Remarkably, Biden still leads by 7 points among voters 65 and over in the most recent surveys, despite the kind of racial unrest that led many of these voters to support Republican candidates at various points in their lifetimes. It should be noted that Biden’s lead among older voters is somewhat narrower than it was a few months ago, either reflecting the statistical noise of small sample sizes or reflecting the toll of recent events. Yet it is still a commanding strength for Biden compared with Hillary Clinton’s 5-point deficit among this group four years ago.

Non-white voters

Perhaps more surprising in light of recent events is that Biden has not made substantial gains with non-white voters. He leads among them by 46 points in the most recent polls, up a mere percentage point from the polls conducted in March and April. It’s still behind the 50-point margin held by Clinton in the final weeks of the 2016 race.

Most pollsters do not break out non-white voters in much depth because of the small sample size, making it hard to explore the precise sources of Biden’s relative weakness. But for now, it seems reasonable to assume that his struggles are most acute among young non-white voters and non-white men, given the overall national figures.

Of course, five months remain until the presidential election. There is plenty of time for the race to swing in Trump’s favour, just as it did in the final stretch of the 2016 campaign. Indeed, the 2016 race was characterized by a predictable, mean-reverting oscillation between nearly double-digit leads for Clinton – as in August and October – and a tighter race in which Trump trailed in national polls but remained highly competitive – as in July, September and November.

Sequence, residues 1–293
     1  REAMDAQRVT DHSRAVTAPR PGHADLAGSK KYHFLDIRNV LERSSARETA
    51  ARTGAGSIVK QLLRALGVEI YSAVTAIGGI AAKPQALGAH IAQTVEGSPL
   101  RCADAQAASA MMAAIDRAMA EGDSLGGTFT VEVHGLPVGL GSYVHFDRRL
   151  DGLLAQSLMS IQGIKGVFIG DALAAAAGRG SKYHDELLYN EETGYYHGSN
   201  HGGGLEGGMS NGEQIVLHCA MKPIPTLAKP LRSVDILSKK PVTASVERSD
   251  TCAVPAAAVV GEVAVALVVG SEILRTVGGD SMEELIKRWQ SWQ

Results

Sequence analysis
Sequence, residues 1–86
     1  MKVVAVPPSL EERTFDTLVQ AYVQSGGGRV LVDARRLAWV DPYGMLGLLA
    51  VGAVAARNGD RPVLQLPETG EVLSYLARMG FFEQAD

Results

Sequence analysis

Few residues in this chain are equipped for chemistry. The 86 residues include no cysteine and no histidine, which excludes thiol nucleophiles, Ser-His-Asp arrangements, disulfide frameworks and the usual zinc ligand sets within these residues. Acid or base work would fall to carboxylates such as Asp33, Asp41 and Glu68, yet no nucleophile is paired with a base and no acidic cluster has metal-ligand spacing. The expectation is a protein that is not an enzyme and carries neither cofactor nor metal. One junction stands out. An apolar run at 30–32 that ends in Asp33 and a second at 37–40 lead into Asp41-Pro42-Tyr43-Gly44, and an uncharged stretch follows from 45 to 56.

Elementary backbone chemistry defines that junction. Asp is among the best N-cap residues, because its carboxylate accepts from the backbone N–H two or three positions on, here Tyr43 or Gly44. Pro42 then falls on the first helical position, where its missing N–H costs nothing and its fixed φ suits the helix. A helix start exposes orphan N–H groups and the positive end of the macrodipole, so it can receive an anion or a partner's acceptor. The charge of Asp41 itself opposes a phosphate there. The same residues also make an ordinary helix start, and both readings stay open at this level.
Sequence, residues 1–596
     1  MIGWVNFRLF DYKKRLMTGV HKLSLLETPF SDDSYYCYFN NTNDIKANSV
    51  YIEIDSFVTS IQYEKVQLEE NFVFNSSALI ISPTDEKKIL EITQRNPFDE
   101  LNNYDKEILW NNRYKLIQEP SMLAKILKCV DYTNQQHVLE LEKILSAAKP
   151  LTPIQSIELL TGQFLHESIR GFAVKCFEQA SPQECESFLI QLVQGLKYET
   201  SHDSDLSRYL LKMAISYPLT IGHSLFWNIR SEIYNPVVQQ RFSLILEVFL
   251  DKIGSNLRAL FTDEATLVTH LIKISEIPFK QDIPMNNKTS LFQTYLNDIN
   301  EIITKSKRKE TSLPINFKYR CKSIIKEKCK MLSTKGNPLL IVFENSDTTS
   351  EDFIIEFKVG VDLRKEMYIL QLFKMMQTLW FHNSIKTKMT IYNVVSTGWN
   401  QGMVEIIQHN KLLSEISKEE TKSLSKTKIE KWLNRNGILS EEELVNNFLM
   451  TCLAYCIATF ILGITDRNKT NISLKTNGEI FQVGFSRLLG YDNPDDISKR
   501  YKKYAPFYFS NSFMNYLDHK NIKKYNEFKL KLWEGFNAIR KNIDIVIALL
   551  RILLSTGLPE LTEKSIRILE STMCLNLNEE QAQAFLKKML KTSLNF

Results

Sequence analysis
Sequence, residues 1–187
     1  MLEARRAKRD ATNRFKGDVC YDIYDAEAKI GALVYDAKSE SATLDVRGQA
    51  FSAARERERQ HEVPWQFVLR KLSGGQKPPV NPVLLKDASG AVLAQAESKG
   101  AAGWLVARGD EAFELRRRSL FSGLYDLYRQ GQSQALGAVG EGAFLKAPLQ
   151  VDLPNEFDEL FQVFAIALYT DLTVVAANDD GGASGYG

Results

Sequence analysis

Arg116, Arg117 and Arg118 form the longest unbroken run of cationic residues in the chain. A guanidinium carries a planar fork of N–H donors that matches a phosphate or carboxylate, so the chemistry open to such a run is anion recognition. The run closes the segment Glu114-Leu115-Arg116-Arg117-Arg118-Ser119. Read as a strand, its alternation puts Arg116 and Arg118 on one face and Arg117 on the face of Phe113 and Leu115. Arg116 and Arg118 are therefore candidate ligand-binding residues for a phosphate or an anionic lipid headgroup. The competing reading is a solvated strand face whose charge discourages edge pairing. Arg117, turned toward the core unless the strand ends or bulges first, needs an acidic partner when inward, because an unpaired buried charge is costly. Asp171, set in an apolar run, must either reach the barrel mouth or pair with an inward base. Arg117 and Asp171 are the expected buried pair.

Biden’s lead in the polls today is not vastly different from the leads Clinton claimed at her peaks after the Access Hollywood tape was revealed or when Trump became embroiled in a feud with a Muslim Gold Star military family.

There are reasons to doubt that the polling this year will again take on the character of a slow-motion, sine-wave roller-coaster ride. Many of the swings towards Trump were driven at least in part by news and negative coverage about Clinton’s emails or her health. Joe Biden’s stay-at-home campaign tends to keep the spotlight focused on Trump. The Trump campaign has not resolved on a central attack on Biden. Perhaps as a result, Trump’s high points in national polls have never been as high as they were in 2016.

Low point

Even so, this could be a low point for Trump. There is certainly cause to doubt whether the protests today, or even the president’s early response to the pandemic, will loom as large for voters in November as they do today. No one can predict what the national political environment will look like in five months; surely, no one would have predicted what has unfolded over the last five. The president’s supporters can still hope that the economy will rapidly recover over the summer and autumn, before a hypothesised second wave of coronavirus hits over the late autumn or winter.

If the race does revert toward the president, as it did on so many occasions four years ago, he could quickly find himself back within striking distance of squeaking out a narrow win. His relative advantage in the electoral college compared with the nation as a whole, or possibly among likely voters compared with registered voters, means that he doesn’t need to gain anywhere near 10 points to get back within striking distance of re-election. In the final national polls of registered voters in 2016, Trump trailed by about an average of 5 points. It was close enough.

But for now, the president trails by too much for these factors to play a decisive role. If the election were held today, the electoral college would pose no serious obstacle to Biden, thanks to his strength compared with Clinton among white voters and particularly those without a college degree. He would win even if the polls were exactly as wrong as they were four years ago. – New York Times